The flip side to shareholder-friendly stocks expected to underperform the market? Highfliers that pay little heed to their owners' interests. Conversely, there are top-flight companies that also treat their shareholders with respect.

Institutional Shareholder Services -- the big name in corporate proxies -- measures how well a company performs in as many as 63 categories covering four broad areas. Moreover, each company is scored relative to its market index and its industry group. It assigns the stocks a rating that it calls its corporate governance quotient, or CGQ.

Some evidence supports the notion that companies with weaker governance have higher risk, decreased profitability, and lower valuations. So we'll be looking at stocks that Motley Fool CAPS investors have marked to outperform the market and that also sport above-average CGQ scores, either in their index group or among industry peers.


CAPS Rating
(5 stars max.)

Index CGQ Ranking*

Industry CGQ Ranking*





E*Trade Financial (NASDAQ:ETFC)




Kraft Foods (NYSE:KFT)




Level 3 Communications (NASDAQ:LVLT)








Source: Yahoo! Finance, Motley Fool CAPS.
*Relative placement when compared with companies in index or industry. Higher is better.

Although finding good companies and holding them for the long term is one of the greatest secrets to success in investing, there are many factors an investor should consider, and how well a company treats shareholders shouldn't be least among them. View these rankings as a way to gauge how these businesses stack up against one another in terms of shareholder policies.

Go to the head of the class
Supermarket chain Kroger (NYSE:KR) has not upped the pressure on name brands to cut prices in this recession, but it was able to post an 8% increase in profits this past quarter as private-label goods assumed a larger presence than ever before on its shelves. Kroger saw same store-sales jump 3.8% as its exclusive Kroger brands generated about 27% of revenue, reaching record highs of 35% of grocery unit sales.

That's taking a toll on food manufacturers, many of whom bet wrong on costs last year and locked themselves into high-priced contracts that haven't yet reflected the dive many commodities took last year. Kraft, for example, lost market share in the frozen pizza market last year as well as in mac-and-cheese and cold cuts because budget-conscious shoppers are looking for cheaper alternatives.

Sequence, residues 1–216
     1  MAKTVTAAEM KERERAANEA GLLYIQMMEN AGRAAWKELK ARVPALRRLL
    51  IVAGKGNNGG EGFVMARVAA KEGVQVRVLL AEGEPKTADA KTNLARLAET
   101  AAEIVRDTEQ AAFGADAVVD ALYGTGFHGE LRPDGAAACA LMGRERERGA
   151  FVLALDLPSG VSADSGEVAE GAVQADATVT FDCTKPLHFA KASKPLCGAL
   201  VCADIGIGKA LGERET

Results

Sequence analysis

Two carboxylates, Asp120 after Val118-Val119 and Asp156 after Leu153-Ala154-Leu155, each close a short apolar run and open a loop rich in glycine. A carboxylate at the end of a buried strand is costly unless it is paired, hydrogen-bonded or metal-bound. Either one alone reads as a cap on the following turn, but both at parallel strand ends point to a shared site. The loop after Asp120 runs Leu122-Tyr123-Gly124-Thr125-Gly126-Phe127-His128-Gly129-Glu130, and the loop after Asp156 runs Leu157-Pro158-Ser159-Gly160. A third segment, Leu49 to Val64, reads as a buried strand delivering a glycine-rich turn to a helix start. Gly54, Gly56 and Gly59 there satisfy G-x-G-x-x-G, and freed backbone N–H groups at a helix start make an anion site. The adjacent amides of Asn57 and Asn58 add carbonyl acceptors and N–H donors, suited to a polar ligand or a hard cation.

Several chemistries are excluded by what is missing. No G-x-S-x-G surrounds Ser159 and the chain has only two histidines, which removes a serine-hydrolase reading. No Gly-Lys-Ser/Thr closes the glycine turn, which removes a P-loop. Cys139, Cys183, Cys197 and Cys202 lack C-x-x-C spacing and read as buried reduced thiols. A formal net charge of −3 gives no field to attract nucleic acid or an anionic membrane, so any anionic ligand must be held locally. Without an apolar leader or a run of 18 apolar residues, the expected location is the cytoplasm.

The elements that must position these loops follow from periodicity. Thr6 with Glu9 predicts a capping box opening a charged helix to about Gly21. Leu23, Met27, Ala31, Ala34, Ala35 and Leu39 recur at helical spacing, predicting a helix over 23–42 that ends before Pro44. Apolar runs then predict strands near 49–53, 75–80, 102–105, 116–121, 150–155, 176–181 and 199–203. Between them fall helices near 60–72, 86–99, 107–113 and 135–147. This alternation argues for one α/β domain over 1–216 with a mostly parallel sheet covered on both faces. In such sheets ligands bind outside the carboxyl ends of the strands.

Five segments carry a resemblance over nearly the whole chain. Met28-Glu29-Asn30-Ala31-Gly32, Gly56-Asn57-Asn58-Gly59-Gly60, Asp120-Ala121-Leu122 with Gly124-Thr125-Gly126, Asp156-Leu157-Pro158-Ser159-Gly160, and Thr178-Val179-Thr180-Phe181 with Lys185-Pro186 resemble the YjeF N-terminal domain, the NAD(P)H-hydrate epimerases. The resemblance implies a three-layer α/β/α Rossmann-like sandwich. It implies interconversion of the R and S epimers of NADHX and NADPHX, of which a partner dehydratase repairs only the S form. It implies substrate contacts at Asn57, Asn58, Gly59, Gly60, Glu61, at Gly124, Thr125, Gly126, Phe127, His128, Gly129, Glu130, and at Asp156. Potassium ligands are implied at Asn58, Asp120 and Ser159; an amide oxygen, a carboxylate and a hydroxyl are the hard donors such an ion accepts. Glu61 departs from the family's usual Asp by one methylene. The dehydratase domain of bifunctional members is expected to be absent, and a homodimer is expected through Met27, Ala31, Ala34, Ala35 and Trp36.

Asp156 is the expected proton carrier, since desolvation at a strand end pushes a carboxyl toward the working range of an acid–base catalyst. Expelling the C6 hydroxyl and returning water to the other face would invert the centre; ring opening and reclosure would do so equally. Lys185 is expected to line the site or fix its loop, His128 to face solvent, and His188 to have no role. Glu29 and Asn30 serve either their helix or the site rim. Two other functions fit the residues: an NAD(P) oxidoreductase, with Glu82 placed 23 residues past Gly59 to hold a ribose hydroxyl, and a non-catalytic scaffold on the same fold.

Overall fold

And Kraft isn't alone. General Mills (NYSE:GIS) remains defiant in holding onto the price increases it passed along to consumers when costs were soaring, believing that shoppers will pay more for brand names -- a move it says will help supermarkets boost profits, too. Yet Kroger seems to be taking the opposite tack of promoting the everyday values it offers as a means to boost volume. That has allowed it to gain market share at the expense of rivals like SUPERVALU and Safeway.

With a number of previously stalwart companies being forced to cut their dividends, Kraft's tasty yield of 5.3% has some investors worried that it may be forced to follow suit. Assuming the dividend remains intact, however, CAPS All-Star sehawk99 sees the food giant exceeding the performance of the market:

I'm concerned about a dividend cut. If that happens, then all bets are off. If not though, the dividend will help support the price and [Kraft] should eventually exceed the S&P. Especially if the S&P keeps banks/financials in the index.

A Foolish quotient
Many factors go into whether a stock is a buy or a sell, but do corporate governance policies enter into your equation? They should. It pays to start your own research on these stocks on Motley Fool CAPS. Read a company's financial reports, scrutinize key data and charts, and examine the comments your fellow investors have made -- all from a stock's CAPS page. It's free.

Kraft Foods is a Motley Fool Income Investor pick. Try any of our Foolish newsletters today, free for 30 days.

Fool contributor Rich Duprey owns shares of Kroger, but does not have a financial position in any of the other stocks mentioned in this article. You can see his holdings here. The Motley Fool's disclosure policy is a beauty-school dropout.